Why wasn t Japan surrendering? ›

The main reason Japan would not surrender was that it did not want to get rid of the Emperor, a seemingly non-negotiable term for the U.S.

Why Japan could not win ww2? ›

Its navy and air force were impressive, and its army could battle impressively against China, but Japanese small arms were terrible. Japan's tanks could not compete with their opposite numbers. The Empire's logistical base was undeveloped for modern warfare.

Was Japan willing to surrender before the atomic bomb? ›

Did the Japanese offer to surrender before the atomic bombs were dropped in August 1945? In my first post earlier this week, I gave what we might call the standard diplomatic history answer: no, they didn't.

What was the effect of the Japanese surrender? ›

17 July–2 August: Potsdam Conference (Truman, Attlee, Stalin), held in Berlin, Germany; the joint declaration reiterates the call for Japan's unconditional surrender. Specific terms include the loss of all Japanese territories outside the Home Islands, complete disarmament, and Allied occupation of Japan.

What happened to Japan after they surrendered? ›

After the defeat of Japan in World War II, the United States led the Allies in the occupation and rehabilitation of the Japanese state. Between 1945 and 1952, the U.S. occupying forces, led by General Douglas A. MacArthur, enacted widespread military, political, economic, and social reforms.

Why did Japanese soldiers not surrender in ww2? ›

Japan's culture, during WWII, was not one which praised surrender. Soldiers, upon deployment, were expected to either return home victorious or die in battle. Bushido ethics remained prevalent within the country and the samurai mentality experienced a resurgence.

Was Japan willing to surrender in ww2? ›

On August 10, 1945, Japan offered to surrender to the Allies, the only condition being that the emperor be allowed to remain the nominal head of state. Planning for the use of additional nuclear weapons continued even as these deliberations were ongoing.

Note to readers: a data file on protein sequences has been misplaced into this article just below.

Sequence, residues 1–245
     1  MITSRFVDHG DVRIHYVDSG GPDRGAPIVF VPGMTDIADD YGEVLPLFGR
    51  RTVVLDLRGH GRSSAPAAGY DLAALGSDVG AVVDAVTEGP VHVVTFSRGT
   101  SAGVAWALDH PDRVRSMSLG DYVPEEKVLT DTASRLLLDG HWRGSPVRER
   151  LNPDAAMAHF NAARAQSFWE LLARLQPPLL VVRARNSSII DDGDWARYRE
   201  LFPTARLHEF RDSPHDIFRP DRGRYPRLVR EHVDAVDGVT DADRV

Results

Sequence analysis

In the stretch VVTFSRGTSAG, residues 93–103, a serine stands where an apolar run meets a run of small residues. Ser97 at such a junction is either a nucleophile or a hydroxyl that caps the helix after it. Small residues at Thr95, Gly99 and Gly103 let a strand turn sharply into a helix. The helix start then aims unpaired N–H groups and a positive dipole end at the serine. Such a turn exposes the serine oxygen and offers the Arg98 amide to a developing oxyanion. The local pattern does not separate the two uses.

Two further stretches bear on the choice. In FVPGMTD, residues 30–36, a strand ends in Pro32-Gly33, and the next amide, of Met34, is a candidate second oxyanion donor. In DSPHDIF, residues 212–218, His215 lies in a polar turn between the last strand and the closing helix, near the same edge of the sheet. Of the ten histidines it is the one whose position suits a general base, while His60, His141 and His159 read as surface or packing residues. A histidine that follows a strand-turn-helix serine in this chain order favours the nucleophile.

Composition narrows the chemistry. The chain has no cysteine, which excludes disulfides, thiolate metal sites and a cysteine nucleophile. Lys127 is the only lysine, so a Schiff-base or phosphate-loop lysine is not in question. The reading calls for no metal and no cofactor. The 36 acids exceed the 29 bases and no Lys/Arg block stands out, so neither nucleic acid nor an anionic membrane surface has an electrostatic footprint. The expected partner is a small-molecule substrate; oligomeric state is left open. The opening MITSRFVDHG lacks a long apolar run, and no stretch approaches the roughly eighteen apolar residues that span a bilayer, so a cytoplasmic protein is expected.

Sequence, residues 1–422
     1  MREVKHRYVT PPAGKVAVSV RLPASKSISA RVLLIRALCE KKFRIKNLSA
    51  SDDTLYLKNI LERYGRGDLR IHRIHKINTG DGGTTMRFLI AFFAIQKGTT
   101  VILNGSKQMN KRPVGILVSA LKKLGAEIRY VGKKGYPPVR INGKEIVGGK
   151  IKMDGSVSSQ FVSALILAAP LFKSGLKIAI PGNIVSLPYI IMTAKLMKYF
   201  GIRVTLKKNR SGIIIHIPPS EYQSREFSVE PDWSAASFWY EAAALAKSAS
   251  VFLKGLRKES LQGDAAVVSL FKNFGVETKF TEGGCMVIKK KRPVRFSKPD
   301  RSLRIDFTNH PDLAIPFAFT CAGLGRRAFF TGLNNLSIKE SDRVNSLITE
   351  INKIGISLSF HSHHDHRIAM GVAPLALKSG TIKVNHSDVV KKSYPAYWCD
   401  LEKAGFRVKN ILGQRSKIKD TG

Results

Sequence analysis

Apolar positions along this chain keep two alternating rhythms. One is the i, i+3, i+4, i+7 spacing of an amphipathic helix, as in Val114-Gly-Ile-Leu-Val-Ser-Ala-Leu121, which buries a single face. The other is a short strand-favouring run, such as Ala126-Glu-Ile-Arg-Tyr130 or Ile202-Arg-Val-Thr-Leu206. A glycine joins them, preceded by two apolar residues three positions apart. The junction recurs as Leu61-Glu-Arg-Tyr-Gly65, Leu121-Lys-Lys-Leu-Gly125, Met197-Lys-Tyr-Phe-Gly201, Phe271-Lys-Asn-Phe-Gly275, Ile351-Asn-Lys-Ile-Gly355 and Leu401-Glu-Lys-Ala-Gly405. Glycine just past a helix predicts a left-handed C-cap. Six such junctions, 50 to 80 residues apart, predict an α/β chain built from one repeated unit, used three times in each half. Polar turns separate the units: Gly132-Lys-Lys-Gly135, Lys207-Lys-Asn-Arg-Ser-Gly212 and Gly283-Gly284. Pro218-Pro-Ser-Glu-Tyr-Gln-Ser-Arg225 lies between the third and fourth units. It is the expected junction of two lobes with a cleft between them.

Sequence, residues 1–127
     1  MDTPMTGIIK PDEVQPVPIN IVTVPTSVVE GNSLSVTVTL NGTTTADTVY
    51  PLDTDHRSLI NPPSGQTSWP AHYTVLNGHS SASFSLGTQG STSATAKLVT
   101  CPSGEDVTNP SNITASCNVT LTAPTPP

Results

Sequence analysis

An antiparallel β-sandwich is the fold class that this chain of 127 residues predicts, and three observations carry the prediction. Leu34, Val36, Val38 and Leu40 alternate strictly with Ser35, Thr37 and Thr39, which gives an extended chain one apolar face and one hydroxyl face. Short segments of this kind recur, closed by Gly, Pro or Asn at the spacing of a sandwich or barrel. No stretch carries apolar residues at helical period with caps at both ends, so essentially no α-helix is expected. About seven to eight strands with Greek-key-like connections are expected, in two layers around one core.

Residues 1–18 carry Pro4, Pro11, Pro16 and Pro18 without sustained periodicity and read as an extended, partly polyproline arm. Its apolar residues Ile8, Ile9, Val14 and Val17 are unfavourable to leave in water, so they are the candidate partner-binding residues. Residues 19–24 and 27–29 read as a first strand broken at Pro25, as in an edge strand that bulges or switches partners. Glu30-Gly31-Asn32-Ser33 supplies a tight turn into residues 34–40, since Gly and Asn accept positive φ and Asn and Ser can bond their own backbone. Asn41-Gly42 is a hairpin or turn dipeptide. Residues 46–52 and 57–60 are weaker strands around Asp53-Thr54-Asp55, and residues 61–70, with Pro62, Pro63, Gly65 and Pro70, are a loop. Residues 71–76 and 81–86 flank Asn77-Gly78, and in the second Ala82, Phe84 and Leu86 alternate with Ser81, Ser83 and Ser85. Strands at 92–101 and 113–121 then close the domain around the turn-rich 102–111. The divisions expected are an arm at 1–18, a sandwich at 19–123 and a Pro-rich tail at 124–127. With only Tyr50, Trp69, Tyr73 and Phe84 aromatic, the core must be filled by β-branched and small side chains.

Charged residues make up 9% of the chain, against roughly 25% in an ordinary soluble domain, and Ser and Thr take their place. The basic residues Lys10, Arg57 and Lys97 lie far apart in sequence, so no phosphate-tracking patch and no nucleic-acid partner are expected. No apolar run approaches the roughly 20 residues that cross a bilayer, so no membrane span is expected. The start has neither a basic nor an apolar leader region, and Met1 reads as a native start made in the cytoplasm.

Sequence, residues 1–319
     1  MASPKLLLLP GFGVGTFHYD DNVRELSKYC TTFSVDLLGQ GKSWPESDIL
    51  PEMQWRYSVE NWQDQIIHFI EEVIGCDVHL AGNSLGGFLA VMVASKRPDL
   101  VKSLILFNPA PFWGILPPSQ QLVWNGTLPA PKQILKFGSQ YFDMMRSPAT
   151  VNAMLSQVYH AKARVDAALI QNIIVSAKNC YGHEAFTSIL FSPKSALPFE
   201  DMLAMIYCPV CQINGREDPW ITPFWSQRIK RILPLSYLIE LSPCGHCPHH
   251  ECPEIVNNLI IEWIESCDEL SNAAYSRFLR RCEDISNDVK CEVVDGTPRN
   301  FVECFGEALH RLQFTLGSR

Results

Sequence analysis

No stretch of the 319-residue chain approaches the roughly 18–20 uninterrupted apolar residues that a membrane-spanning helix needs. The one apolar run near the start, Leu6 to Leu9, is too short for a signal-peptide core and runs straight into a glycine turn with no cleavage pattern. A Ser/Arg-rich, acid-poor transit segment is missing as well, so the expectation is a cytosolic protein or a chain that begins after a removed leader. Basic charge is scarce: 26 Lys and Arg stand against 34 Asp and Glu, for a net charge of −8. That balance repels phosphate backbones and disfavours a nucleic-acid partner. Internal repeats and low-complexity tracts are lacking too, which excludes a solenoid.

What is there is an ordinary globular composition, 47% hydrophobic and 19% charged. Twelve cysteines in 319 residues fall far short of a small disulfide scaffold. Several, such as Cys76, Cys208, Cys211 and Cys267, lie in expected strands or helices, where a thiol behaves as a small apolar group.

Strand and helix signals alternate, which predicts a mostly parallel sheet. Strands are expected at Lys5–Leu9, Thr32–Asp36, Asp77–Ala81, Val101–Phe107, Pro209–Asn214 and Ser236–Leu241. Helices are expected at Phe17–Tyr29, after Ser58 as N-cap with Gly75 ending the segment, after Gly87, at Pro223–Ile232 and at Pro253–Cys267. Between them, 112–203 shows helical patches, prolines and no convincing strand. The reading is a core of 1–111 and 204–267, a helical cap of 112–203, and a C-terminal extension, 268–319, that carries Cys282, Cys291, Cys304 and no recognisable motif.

What was Japan's main goal in ww2? ›

One of Japan's main goals during World War II was to remove the United States as a Pacific power in order to gain territory in east Asia and the southwest Pacific islands.

What convinced Japan to surrender? ›

According to the 'traditional narrative', the atomic bombs were the cause of the Japanese surrender. The 'revisionist historians' argue that Japan was already ready to surrender before the atomic bombs.

What pushed Japan to surrender? ›

Nuclear weapons shocked Japan into surrendering at the end of World War II—except they didn't. Japan surrendered because the Soviet Union entered the war. Japanese leaders said the bomb forced them to surrender because it was less embarrassing to say they had been defeated by a miracle weapon.

What did many Japanese do rather than surrender? ›

Instead of surrendering, many Japanese soldiers would kill themselves. For example, Japanese soldiers were known to charge at the American defensive lines even when they were outnumbered and lacked weapons. They were essentially running to their deaths as the American soldiers shot and killed them.

What if Japan never went to war with the US? ›

At the most extreme, no attack on Pearl Harbor could have meant no US entering the war, no ships of soldiers pouring over the Atlantic, and no D-Day, all putting 'victory in Europe' in doubt. On the other side of the world, it could have meant no Pacific Theatre and no use of the atomic bomb.

Why didn't the US want to invade Japan in ww2? ›

American war planners projected that a land invasion of Japan could cost the lives of up to a million U.S. soldiers and many more Japanese. These figures, Giangreco explains, were estimated based on terrain, the number of units fielded, and the number of enemy units they would have to fight.

Why didn't Japan surrender in 1944? ›

It was a war without mercy, and the US Office of War Information acknowledged as much in 1945. It noted that the unwillingness of Allied troops to take prisoners in the Pacific theatre had made it difficult for Japanese soldiers to surrender.